Newt Gingrich is an anti-environmentalist who spreads disinformation and has done more than any politician in the last two decades to thwart a sensible climate policy that includes a major clean technology component, as I have explained. Absent serious regulations, no technology-only strategy can possibly avoid catastrophic global warming (as we should have learned in the 1990s). Some well-meaning people, like The New York Times' first-rate climate reporter Andy Revkin and the great conservation biologist, E.O. Wilson, have gotten taken in by Newt's new-clothes rhetoric. Why? They don't know the history of climate technology policy that I and others have written about -- and they don't understand the explicit Luntz/Bush strategy of trying to get political credit on the climate while blocking the crucial regulatory (and technological!) solutions by talking about "technology, technology, blah, blah, blah," as I put it. I am in 100 percent agreement with David's analysis on this. Gingrich is most certainly not part of a "move to the pragmatic center on climate and energy," as Revkin writes -- especially not an imaginary center that Revkin claims includes Bjørn Lomborg and Shellenberger & Nordhaus (for a debunking of these folks, click here and follow the various links). Gingrich and Lomborg are not classic global warming deniers -- since they realize denial is now politically and scientifically untenable -- which is why I label them delayers. (I will come back to S&N's ongoing disinformation campaign in a future post.) Gingrich and his coauthor are not "realists and visionaries" -- the phrase Wilson uses in a foreword to their book, A Contract with the Earth (you can read the foreword -- and, if you're clever and have a huge amount of time, the whole book -- for free if you click here [reg. may be req'd]). I have emailed Wilson -- whom I don't know -- my earlier Gingrich post. I'll focus on Revkin, since I do know him, and he has a blog where he is fighting back against David (and others) who criticize him.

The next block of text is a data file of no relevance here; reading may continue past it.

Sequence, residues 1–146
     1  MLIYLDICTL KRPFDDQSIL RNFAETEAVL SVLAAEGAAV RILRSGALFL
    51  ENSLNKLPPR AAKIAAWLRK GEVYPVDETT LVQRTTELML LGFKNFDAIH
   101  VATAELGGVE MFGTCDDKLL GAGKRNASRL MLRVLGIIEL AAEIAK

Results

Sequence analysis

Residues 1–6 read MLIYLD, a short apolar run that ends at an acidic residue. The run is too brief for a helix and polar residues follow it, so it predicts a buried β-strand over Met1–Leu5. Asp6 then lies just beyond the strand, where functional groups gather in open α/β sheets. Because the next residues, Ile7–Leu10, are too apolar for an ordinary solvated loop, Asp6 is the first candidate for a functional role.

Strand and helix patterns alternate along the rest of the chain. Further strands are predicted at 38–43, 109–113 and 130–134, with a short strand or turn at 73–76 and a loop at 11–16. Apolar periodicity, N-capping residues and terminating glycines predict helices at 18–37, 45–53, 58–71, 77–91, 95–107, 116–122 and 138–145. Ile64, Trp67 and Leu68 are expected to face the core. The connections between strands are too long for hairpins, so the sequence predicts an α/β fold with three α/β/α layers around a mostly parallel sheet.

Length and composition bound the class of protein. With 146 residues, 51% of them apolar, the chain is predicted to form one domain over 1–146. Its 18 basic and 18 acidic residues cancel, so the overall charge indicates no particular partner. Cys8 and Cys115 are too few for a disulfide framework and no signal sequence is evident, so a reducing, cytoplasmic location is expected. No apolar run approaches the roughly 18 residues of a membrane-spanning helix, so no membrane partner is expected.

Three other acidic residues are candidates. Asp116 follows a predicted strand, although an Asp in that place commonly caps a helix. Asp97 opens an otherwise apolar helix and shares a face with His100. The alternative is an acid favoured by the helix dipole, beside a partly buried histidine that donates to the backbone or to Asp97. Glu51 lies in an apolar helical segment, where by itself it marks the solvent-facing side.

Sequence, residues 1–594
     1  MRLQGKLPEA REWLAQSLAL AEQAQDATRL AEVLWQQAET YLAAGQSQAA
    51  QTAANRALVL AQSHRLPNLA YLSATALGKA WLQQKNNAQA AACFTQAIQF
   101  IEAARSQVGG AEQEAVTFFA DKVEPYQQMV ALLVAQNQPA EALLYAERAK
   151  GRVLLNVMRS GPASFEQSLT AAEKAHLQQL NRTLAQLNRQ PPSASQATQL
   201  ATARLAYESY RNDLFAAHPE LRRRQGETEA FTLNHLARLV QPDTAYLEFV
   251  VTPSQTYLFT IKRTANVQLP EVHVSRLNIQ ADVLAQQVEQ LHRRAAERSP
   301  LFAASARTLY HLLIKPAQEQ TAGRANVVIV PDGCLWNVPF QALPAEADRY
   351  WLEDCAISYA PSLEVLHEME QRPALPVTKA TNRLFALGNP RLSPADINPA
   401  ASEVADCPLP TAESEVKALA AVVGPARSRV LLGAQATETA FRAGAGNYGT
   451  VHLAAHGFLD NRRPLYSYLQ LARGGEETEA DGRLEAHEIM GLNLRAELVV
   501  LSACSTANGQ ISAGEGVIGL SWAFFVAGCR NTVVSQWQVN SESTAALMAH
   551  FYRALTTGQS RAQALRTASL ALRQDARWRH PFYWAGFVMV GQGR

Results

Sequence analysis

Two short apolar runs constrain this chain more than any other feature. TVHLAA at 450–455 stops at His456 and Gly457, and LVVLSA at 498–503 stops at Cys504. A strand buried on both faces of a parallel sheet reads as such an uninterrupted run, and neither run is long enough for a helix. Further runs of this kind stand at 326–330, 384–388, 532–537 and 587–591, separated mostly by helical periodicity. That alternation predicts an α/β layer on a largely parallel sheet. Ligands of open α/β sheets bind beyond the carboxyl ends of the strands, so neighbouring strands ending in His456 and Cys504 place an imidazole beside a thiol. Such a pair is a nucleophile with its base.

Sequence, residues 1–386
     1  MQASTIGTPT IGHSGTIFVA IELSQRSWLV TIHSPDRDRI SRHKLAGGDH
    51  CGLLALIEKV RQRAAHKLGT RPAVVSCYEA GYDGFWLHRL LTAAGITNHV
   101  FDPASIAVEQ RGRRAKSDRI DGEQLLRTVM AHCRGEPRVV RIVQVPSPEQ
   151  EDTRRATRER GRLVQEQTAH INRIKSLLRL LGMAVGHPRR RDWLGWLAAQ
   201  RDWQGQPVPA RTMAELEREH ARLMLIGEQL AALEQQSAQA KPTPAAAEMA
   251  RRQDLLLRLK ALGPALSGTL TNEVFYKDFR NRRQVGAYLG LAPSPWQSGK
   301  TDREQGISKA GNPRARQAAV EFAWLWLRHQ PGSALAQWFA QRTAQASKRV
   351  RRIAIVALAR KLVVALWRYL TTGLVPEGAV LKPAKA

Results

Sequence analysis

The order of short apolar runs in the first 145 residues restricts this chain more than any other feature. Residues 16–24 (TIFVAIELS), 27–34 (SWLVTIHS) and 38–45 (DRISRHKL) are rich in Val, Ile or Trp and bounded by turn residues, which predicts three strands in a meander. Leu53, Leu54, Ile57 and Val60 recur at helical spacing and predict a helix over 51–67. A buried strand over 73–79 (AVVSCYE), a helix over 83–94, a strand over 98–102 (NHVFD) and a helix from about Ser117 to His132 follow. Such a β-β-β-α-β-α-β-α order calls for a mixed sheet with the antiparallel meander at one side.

I arrived in L.A. yesterday in the midst of an unusual meteorological phenomenon. The sky seems to have been wiped out, replaced entirely with a deep, featureless expanse of turquoise blue. And that’s not the weirdest part. All day long, a strong, bright light was falling from the sky on inhabitants, as though we were all in a big room with a huge full-spectrum bulb … only outside. The natives are doing a remarkable job of remaining calm and orderly during the crisis. Is global warming to blame? When is the MSM going to pick up this story?